At the end of the day, when there are no friends, when there are no lovers, who are you going to call for? What do you have to change?
–R.E.M., “Good Advices”
R.E.M.’s Fables of the Reconstruction was given the deluxe edition treatment this week–a remastered original CD and an extra CD featuring demos the band did in Athens just before flying to London to record the work with Joe Boyd. As deluxe editions go, this one is excellent simply because the second disk is not only a great listen but previously unreleased (for the most part), therefore making the whole thing worth purchasing even if you already own the album. And, yes, I bought my copy. When the first notes of “Feeling Gravity’s Pull” started up, I was suddenly taken back in time to 1985, to a point in my own musical history that has few parallels.
I still remember the first time I heard about R.E.M. It was at a party in Iceland during the summer of 1984. I was one of 30 American exchange students who spent the summer on that island. I was also one of the youngest in the group (15; most were 17 or 18–and when you’re that age, two or three years age difference means everything). I was a very socially awkward kid. I desperately wanted to belong. I wanted to take risks and be the life of the party and hang out with the cool kids and be accepted–but every time I tried something, took a risk, tried hanging out with coolness, I ended up saying or doing something incredibly stupid and embarrassing myself. I couldn’t help it. I was awkward; I was confused; I was naive. And yes, I know that made me a regular teenager, but that’s a fact only appreciated (or understood) much later. At the time, I was an aspirant, and I wanted nothing more than to be cool.
So at this party, there were two guys (one Icelander, one American) who were both obviously older and cooler than me. They were studying an article about R.E.M. in a local Icelandic magazine. I stood nearby listening in, not really understanding a word but fully aware that these guys were better than me because they knew something I didn’t. As I listened to them talk, I grew slowly terrified of my ignorance. It wasn’t my lack of knowledge of R.E.M. that frightened me; it was the realization that this was only the beginning–there was a whole world of bands, books, ideas that I was entirely unaware of. How could I possibly catch up?
I should say that my musical knowledge, at that time, was incredibly limited. My favorite bands were Men at Work, Duran Duran, and The Police. Anything that went beyond the bounds of MTV was simply alien to my experience. And, yes, over the next year or so I did grow and expand my musical palate (Springsteen, Prince, stuff like that). For whatever reason, though, I never got around to R.E.M.
Then Fables came out during the summer of 1985, and I decided, finally, to find out who and what they were. My first response upon listening was… what the hell? Why is the lead singer mumbling? Why does everything sound so muddled? Was it called Fables of the Reconstruction or Reconstruction of the Fables (some still ask that question)? The music puzzled me, but I couldn’t stop listening. I listened over and over and over; slowly but surely the music started to make sense, a lot of sense. I’d never heard anything like this. It was odd, beautiful, clunky, and groovy all at once.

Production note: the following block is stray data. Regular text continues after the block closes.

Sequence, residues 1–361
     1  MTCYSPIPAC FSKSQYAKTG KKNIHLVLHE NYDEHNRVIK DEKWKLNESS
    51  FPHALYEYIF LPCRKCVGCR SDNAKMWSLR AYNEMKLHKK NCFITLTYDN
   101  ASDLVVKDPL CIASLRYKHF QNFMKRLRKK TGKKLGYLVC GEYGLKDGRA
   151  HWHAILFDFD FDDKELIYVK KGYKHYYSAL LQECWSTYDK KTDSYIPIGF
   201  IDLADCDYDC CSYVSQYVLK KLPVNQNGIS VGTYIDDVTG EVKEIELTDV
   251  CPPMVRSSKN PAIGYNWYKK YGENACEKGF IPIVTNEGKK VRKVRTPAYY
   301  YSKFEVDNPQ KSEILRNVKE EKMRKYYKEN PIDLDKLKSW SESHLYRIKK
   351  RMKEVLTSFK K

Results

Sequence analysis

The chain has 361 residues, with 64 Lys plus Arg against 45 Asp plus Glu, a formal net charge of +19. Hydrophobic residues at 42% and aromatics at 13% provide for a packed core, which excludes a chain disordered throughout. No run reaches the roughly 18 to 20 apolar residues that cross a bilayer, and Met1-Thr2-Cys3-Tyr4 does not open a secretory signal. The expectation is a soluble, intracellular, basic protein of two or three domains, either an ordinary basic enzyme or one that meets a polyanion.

Listening today, I understand exactly why I had such a strong attachment to this record back then. It’s wonderful collection of wonderful, weird songs. I love the harmonies on “Maps and Legends,” the country funk of “Can’t Get There from Here,” the strange lyrics throughout, pastoral beauty of side two (especially “Good Advices”). It’s just a great album. And yes I am aware that people thought the album was derivative of their earlier works; that it pales in comparison to Murmur and even to Document or Out of Time or Automatic for the People. But I still think it’s better than those because it most captures the spirit of this band: eclectic, personal, intelligent, and harmonious.
But even more important than the album itself, Fables opened a door to a whole musical world. From R.E.M., I discovered other post-punk American bands like The Replacements, Hüsker Dü, The Minutemen, Meat Puppets, Sonic Youth, Black Flag, Bad Brains, and on and on. The fact that Joe Boyd produced Fables led me to discover Fairport Convention and Richard Thompson and the whole English folk rock scene of the 1960s (Nick Drake, Sandy Denny, Incredible String Band, etc). R.E.M.’s inspiration also came from the bands of the 1960s–not just the Stones and Beatles and Dylan but The Byrds, The Who, The Kinks, and a hundred other acts I could name. And, yes, I had heard of the Beatles and Stones and all these acts, but I had little depth of knowledge about that music. R.E.M. became the catalyst for me to delve further into their works. Even more, the fact that I began to devour all things music gave me a focus in life: to write like Greil Marcus and Dave Marsh and the other cool rock journalists. And while I never actually ended up doing that, by a strange, circuitous route that even I don’t quite understand, this impulse to study and to learn pushed me through college and into graduate school, pushed me to write about sound and music and technology in my dissertation, to study music production and music creation, to create albums, and to write articles and reviews for my own websites and for Stylus and other magazines–and to write this very article here on the Inkbottle. And it’s kept me listening, searching, seeking out interesting, exciting, and wonderful music wherever it might come from. I can trace all of that back to R.E.M.’s little album.
Fables, then, is my Year Zero, a touchstone out of which the bulk of my life can be mapped. That’s why it matters to me, and that’s why I celebrate this album’s big, fancy reissue.
So what is the album that has most shaped your life? I’d love to hear your answers in the comments below.